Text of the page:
Bank Robber Slick Willie Sutton was apprehended on February 5, 1934 and sentenced to serve 25 to 50 years in Eastern State, for the machine gun robbery of the Corn Exchange Bank in Philadelphia, Pennsylvania.  On April 3, 1945 Sutton was one of 12 convicts who escaped the institution through a tunnel.  Sutton was recaptured the same day by Philadelphia police officers; this had been his fifth escape attempt at Eastern State. Willie Sutton claimed to be the mastermind of the tunnel escape. The truth is that the escape was planned and largely executed by Clarence “Kliney” Klinedinst, a plasterer, stone mason, burglar, and forger who looked a little like a young Frank Sinatra and had a reputation as a first-rate prison scavenger.  Willie Sutton said, “If you give Kliney two weeks, he could get you Ava Gardner.  If you give Kliney a year, he could get you out of prison.”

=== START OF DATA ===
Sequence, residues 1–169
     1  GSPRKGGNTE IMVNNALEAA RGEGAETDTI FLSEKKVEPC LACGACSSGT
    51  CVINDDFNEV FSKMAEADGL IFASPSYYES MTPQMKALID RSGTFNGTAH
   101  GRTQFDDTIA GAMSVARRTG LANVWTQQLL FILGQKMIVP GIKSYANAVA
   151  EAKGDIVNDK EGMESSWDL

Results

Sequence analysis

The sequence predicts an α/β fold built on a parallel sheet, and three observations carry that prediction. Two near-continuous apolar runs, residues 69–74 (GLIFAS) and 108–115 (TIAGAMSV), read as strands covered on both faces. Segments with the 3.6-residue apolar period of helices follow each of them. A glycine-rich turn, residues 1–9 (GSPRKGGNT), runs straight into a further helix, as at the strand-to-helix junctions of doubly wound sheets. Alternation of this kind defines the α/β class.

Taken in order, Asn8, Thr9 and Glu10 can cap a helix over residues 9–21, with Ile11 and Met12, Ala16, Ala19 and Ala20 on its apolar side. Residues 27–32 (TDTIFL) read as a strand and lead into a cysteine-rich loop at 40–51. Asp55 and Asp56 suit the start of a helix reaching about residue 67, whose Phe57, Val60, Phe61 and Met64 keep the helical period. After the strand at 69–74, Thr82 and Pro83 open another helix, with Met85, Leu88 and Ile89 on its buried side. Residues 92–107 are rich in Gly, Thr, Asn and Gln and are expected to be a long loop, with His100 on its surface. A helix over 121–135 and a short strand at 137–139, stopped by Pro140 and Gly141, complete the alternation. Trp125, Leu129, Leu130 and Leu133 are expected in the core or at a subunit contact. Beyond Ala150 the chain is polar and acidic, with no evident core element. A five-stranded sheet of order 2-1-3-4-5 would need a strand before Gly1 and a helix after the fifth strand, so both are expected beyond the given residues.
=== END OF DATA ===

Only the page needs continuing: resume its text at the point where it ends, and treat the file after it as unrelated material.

Like something out of the Shawshank Redemption, the escapees used spoons and flattened cans as shovels and picks, the tunnel crew, who worked in two-man teams for 30 minute shifts, slowly dug a 31-inch opening through the wall of cell 68.  They then dug twelve feet straight down into the ground, and another 100 feet out beyond the walls of the prison.  They removed dirt by concealing it in their pockets and scattering it in the exercise yard.  They shored it up with scaffolding, illuminated, and even ventilated the tunnel.  At about the halfway point, it linked up with the prison’s brick sewer system and the crew created a working connection between the two pipelines to deposit their waste while ensuring the noxious fumes were kept out of the tunnel.  The tunnel escaped inspection several times thanks to a false panel Kliney treated to match the plaster of the cell and concealed by a metal waste basket.